The Maltese Falcon: Book Vs. Movie

The Changing Of Characters


Many time in our lives, we have seen the transformation of novels into movies. Some of them are equal to the novel, few are superior, and most are inferior. Why is this? Why is it that a story that was surely to be one of the best written stories ever, could turn out to be Hollywood flops? One reason is that in many transformations, the main characters are changed, some the way they look, others the way they act. On top of this, scenes are cut out and plot is even changed. In this essay, I will discuss some of the changes made to the characters of the Maltese Falcon as they make their transformation to the “big screen.”

The first character that we read or see is Sam Spade. In the book he is written as being tall and lanky with blond hair, and a recurring v-motif that makes him out to be what Hammett describes as a “blond Satan.” With these descriptions, we can easily make out a powerful image of what Sam Spade must look like in our heads. When we have an image of what something is going to be like and it turns out to not at all be what we expected, we are often let down, disappointed.This is due to the casting of Humphrey Bogart as Sam Spade. His hair is brown, and his, round, soft face is the farthest a face can come from having a satanic v-motif. Although Humphrey Bogart’s acting was very good, it was intruded by my perception of what Sam Spade was supposed to look like.

Brigid O’Shaunessey is the villianess of this story, the “femme fatale”
as we sometimes refer to her in class. She is always lying and scheming to get what she wants. In the book, her quest is aided very well by her gorgeous looks. The first image we get of Miss O’Shaughnessey is that of a tall redhead with long legs, red hair, and beautiful red lips. This image of her may have been influenced by the picture that is on the cover of the book, but the publishers wouldn’t have pout it there if that wasn’t the image they got of her either.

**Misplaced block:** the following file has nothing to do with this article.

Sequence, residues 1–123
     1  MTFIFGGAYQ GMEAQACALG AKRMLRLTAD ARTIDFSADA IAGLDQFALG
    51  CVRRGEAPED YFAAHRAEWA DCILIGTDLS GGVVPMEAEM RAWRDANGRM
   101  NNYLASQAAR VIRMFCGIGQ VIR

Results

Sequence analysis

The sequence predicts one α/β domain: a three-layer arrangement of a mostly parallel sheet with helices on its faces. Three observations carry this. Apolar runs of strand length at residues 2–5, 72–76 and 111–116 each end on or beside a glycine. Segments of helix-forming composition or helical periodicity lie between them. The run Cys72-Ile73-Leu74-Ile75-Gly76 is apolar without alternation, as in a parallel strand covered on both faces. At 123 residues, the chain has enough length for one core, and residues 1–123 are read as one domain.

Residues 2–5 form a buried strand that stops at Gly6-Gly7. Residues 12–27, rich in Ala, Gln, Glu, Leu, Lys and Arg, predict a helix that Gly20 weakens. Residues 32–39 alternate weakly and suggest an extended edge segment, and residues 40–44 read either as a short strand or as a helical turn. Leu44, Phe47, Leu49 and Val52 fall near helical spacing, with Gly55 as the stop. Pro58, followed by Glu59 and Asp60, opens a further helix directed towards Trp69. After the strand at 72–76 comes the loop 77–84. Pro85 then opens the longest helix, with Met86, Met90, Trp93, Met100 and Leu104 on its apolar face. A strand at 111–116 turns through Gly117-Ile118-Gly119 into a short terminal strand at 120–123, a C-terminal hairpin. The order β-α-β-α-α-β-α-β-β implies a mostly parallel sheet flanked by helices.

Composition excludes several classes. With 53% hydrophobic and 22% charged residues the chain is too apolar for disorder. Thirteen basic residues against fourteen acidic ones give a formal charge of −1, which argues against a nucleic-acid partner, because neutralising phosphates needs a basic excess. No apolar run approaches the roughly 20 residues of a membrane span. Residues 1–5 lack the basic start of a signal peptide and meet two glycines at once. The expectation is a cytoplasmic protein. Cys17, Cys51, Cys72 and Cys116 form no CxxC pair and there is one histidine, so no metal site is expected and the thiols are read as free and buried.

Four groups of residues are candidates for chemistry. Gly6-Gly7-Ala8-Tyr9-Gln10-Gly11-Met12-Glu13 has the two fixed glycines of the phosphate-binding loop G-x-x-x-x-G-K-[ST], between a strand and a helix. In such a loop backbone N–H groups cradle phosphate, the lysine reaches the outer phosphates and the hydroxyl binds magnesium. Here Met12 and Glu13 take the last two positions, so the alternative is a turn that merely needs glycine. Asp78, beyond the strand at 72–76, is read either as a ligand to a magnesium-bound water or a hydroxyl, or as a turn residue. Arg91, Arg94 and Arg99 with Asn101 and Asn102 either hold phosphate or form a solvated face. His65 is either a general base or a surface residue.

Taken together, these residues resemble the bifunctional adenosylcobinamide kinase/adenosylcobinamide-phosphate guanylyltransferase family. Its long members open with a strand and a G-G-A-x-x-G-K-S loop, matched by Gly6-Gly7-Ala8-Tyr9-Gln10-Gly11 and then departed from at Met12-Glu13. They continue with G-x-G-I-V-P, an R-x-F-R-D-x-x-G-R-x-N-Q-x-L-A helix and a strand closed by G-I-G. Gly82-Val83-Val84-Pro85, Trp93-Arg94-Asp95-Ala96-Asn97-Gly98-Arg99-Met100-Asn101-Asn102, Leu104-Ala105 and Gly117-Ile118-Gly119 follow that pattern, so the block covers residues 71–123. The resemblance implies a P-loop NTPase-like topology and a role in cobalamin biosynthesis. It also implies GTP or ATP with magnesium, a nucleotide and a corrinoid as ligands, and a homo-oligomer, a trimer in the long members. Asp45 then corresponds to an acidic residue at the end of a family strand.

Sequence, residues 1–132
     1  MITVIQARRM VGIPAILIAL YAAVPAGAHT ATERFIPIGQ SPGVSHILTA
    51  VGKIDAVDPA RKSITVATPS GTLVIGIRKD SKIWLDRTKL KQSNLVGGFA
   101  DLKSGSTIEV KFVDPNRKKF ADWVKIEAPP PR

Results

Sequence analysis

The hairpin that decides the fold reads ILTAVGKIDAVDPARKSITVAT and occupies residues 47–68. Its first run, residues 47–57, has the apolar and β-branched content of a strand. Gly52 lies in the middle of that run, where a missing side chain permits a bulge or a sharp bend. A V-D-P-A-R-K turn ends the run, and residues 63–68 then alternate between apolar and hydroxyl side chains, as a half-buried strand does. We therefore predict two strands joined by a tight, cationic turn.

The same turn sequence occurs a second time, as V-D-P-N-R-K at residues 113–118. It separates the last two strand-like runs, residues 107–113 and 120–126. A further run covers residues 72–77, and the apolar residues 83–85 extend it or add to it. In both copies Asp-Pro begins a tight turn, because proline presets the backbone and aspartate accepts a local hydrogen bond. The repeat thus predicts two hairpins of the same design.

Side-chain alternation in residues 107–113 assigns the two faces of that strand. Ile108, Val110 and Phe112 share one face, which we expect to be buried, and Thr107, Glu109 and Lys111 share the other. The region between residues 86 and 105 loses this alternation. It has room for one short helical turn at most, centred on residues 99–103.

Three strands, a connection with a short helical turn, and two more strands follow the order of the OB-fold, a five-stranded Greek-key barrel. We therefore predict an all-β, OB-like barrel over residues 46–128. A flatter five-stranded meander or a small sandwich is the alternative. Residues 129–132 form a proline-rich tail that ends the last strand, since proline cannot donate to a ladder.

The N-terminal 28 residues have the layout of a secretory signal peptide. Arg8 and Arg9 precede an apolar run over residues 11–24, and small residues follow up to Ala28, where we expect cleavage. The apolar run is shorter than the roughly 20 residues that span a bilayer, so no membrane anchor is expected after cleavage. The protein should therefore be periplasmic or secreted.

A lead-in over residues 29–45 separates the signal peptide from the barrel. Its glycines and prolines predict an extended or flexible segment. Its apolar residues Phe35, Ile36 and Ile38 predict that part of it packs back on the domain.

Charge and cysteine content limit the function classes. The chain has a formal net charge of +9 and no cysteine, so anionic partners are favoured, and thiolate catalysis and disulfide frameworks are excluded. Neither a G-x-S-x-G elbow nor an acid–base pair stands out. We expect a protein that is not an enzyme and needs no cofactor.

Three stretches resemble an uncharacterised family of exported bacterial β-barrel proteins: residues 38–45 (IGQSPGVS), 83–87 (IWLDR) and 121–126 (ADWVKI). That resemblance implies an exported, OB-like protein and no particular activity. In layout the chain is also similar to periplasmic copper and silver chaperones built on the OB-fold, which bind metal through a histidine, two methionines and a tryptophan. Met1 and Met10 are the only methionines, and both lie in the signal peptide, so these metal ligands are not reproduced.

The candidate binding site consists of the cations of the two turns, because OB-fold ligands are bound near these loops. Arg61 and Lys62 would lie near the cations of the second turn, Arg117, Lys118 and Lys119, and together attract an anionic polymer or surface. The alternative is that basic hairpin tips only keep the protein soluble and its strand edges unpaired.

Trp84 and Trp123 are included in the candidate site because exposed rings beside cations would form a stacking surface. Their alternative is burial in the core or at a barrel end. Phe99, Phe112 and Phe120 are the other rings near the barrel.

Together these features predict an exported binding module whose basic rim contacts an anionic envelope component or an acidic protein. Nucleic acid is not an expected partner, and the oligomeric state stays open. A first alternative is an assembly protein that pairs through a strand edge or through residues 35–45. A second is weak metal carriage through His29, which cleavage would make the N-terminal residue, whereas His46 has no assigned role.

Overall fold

The movie does not do Miss O’Shaughnessey justice as the novel very well does. In the novel, she is portrayed as a young, voluptuous, beautiful woman. Although she is somewhat beautiful in the movie, she does not reach the standards that are set for her in the novel. The legs that Sam Spade sees as she enters his office offer an idea as to what kind of person Miss O’Shaughnessey is: someone who uses her sexuality to persuade others. This is a very important part of the story, and the movie failed to deal with it. A technological disadvantage that the movie had was the absence color. In the novel, Miss O’Shaughnessey’s hair is described as “darkly red.” Her red hair helps to develop a devilish theme that goes along very well with her intentions and her personality. This is also missed in the movie.
The character Joel Cairo is one of the most interesting in the book, and the movie as well. I thought he was perfectly cast by the production crew and they did a very good job of including the necessary details about him: the perfumed business card, the white handkerchief, and his girlish voice. I thought the portrayal of Cairo in the movie was better than that of the book largely due to the fact that he was a homosexual. We could hear his voice and see his movements much better in the movie. When we hear a voice, if it is flagrant enough, we can almost automatically tell if someone is a homosexual. The same goes for the movements that they make, or how they react to being hit or punched. These things cannot be picked up in the book and I think they are important to his character. I believe that the movie has a better portrayal of Joel Cairo than the book does.

Samuel Spades secretary, Effie Perine, is one of the most important characters in the novel. Constantly she is taking care of Sam, making sure he knows what